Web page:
Dr Ben Fulford

Deputy Head of Department and Senior Lecturer in Systematic Theology

I am a systematic and historical theologian excited by the tasks of exploring, understanding, furthering and repairing traditions of Christian theological reflection on beliefs, texts, institutions and practices. I research topics in theological anthropology and the theology of marriage, postliberal theology, the theological interpretation of the Bible, and the Cappadocian Fathers. My current project examines Hans Frei’s theology and social ethics.

Telephone 01244 511033
Email b.fulford@chester.ac.uk


MA (Cantab), DipThRS (Cantab), MPhil (Cantab), PhD (Cantab), FHEA.


My initial training was in history, at the University of Cambridge, where I was awarded the Alan Coulson Prize (for dissertations on Commonwealth History). A historical sensibility still informs my outlook and interests. I returned to Cambridge in 2001 to study theology at postgraduate level, and in 2007 I completed a doctoral thesis on the theology of Scripture, drawing on the theologies Gregory of Nazianzus and Hans Frei. Bringing ancient and modern texts and ideas into conversation remains a strong area of interest for me in relation to a variety of topics in contemporary theology.

After completing the thesis, I was appointed to the post of Tutor in Theology at St John’s College, Nottingham. There I taught broad spectrum of topics in Christian doctrine and historical theology to people preparing for ministry. I joined the staff at the University of Chester in January 2012 where I teach subjects in systematic and historical theology, seeking to enable others to explore Christian theology for themselves and to enthuse them to engage its challenges and its potential.

I am a member of the Executive Committee of the Society for the Study of Theology.


Undergraduate Modules

  • Introduction to Theology
  • Systematic Theology
  • Great Theological Thinkers


Postgraduate Modules

  • Key Theological Texts
  • The Theological Interpretation of Christian Scripture


Research Interests

  • Hans Frei and postliberal theologies

  • Gregory of Nazianzus and the Cappadocian Fathers

  • Human vulnerability, fragile goods and the Christian life

  • The theology of marriage and human sexuality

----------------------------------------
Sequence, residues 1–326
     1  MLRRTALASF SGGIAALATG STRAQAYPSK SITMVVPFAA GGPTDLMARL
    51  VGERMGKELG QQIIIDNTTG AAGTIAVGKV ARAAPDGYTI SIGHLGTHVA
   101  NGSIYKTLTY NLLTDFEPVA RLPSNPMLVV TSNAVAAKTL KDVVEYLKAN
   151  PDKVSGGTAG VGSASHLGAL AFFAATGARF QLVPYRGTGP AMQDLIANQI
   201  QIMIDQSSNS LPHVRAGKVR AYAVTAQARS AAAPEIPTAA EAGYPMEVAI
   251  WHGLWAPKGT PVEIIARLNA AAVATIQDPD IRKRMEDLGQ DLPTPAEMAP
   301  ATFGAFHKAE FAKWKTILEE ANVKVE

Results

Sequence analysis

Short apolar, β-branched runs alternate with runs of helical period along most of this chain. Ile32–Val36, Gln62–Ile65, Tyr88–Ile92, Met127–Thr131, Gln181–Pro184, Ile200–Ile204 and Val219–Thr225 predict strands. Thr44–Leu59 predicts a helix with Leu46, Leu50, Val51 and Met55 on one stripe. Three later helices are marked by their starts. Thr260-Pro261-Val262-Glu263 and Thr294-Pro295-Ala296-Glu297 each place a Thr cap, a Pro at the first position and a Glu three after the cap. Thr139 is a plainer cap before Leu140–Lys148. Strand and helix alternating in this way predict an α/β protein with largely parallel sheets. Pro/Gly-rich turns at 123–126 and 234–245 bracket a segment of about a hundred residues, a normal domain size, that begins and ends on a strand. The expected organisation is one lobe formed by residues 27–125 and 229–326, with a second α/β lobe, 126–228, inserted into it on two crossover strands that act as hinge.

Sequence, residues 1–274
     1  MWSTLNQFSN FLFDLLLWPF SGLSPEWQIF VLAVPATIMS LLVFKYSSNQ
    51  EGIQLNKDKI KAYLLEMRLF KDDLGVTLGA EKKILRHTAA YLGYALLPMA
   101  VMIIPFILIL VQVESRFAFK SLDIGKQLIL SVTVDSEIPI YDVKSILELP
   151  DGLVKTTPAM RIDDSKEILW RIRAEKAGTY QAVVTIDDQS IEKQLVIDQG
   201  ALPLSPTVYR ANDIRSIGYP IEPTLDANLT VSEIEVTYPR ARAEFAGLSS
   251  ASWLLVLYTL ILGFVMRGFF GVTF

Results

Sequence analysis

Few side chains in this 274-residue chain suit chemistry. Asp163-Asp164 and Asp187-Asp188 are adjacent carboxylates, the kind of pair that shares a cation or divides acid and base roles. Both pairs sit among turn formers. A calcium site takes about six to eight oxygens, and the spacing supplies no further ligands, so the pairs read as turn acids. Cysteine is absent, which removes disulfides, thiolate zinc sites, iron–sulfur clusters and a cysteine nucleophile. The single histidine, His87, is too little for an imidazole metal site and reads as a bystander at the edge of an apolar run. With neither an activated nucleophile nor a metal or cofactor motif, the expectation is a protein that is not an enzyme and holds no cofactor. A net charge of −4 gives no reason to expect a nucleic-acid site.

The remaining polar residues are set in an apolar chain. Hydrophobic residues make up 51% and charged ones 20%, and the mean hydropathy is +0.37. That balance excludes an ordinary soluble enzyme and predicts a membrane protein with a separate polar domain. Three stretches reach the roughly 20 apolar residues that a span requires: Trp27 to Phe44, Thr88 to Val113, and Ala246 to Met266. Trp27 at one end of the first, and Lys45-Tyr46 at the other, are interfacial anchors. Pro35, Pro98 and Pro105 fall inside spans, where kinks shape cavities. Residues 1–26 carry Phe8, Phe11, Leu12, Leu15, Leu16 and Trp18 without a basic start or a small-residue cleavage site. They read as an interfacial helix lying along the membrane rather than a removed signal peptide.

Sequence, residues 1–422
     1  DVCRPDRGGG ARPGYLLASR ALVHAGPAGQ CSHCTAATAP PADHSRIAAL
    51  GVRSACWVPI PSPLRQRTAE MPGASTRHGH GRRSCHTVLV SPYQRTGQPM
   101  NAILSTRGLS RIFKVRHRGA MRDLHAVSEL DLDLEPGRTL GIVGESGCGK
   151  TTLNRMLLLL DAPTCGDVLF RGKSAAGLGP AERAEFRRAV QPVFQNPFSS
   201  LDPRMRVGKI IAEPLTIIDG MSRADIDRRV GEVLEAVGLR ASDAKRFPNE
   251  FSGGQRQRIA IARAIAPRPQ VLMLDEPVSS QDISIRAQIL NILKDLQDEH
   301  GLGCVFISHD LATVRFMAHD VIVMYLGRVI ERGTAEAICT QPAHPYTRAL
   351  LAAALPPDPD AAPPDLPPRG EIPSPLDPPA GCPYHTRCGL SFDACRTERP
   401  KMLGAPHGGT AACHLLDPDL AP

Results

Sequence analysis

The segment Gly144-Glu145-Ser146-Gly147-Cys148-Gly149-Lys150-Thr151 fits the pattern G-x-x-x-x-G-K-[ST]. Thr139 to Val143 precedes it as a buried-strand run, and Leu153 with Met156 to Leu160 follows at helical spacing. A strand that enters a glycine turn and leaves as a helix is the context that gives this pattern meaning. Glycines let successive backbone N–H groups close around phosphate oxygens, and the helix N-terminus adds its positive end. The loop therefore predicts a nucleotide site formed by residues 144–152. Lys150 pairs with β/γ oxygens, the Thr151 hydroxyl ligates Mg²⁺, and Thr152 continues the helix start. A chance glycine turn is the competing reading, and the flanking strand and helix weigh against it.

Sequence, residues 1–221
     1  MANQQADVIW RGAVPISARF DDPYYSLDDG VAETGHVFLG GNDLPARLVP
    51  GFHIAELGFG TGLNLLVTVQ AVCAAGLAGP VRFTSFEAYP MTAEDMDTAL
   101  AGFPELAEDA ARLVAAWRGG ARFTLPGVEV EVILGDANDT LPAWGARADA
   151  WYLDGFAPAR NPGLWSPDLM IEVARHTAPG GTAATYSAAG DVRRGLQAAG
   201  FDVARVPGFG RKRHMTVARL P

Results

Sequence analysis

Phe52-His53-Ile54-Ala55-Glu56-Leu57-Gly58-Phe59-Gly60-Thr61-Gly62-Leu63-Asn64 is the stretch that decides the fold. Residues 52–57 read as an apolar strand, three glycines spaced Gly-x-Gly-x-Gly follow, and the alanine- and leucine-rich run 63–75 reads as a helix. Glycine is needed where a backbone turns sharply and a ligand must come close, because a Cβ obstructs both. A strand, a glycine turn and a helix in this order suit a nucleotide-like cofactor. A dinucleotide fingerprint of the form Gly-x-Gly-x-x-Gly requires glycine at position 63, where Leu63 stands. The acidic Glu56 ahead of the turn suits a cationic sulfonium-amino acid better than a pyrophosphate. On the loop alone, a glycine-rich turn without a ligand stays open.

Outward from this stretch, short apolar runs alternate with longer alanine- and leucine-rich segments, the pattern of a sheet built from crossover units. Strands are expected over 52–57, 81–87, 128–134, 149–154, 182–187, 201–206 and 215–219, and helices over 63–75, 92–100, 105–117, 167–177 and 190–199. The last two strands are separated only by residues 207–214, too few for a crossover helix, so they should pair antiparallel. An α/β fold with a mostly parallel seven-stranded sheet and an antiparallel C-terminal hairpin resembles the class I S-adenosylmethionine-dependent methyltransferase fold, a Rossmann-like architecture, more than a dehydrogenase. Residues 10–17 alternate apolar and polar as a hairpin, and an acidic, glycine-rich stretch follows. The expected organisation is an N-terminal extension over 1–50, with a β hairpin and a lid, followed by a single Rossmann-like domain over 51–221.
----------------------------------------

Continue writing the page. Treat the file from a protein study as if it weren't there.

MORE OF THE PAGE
• The theological interpretation of Scripture

  • Trinitarian theology and Christology

  • Patristic exegesis

PhD (and DProf) supervision

  • [As is]

External funding

  • AHRC doctoral award (2004)

Elsewhere on the web


Chester Repository


Introduction to the theology of Hans W. Frei, St John’s Faith and Modernity Timeline

Published work


Forthcoming God’s Patience and our Work: Hans Frei on Freedom and Modern Theology. Contracted to Fortress Press.
2013 Divine Eloquence and Human Transformation: Rethinking Scripture and History through Gregory of Nazianzus and Hans Frei. Minneapolis: Fortress Press, July 2013.


 Other Select Publications

2016 ‘Light and darkness, Christianity’ Encyclopedia of the Bible and its Reception  vol. 15. Berlin: Walter de Gruyter. Forthcoming.
2016 Thinking about marriage with Scripture’, in J. Bradbury & S. Cornwall (eds.), Thinking again about marriage, London: SCM Press, 44-61.
2012 ‘Gregory of Nazianzus and Biblical Interpretation’, in Beeley, C. ed., Re-Reading Gregory of Nazianzus, Washington: The Catholic University of America Press, 31-48.
2011 ‘Divine Names and the Embodied Intellect: Imagination and Sanctification in Gregory of Nazianzus’ account of Theological Language’, Studia Patristica 50 (2011), 217-231.
2010 Feeding and Forming the People of God: the Lord, his Supper and the Church in Calvin and 1 Corinthians 11:17-34’, in Greggs, T., ed., New Perspectives for Evangelical Theology: Engaging with God, Scripture and the World, London: Routledge, 2010, 93-107.

''One Commixture of Light': Rethinking some modern uses and critiques of Gregory of Nazianzus on the unity and equality of the divine persons', International Journal of Systematic Theology, vol. 11:2 (2009), pp. 172-189.


‘An Igbo Esperanto: A History of the Union Ibo Bible 1900-1950’, Journal of Religion in Africa 32:4 (2002), 457-501.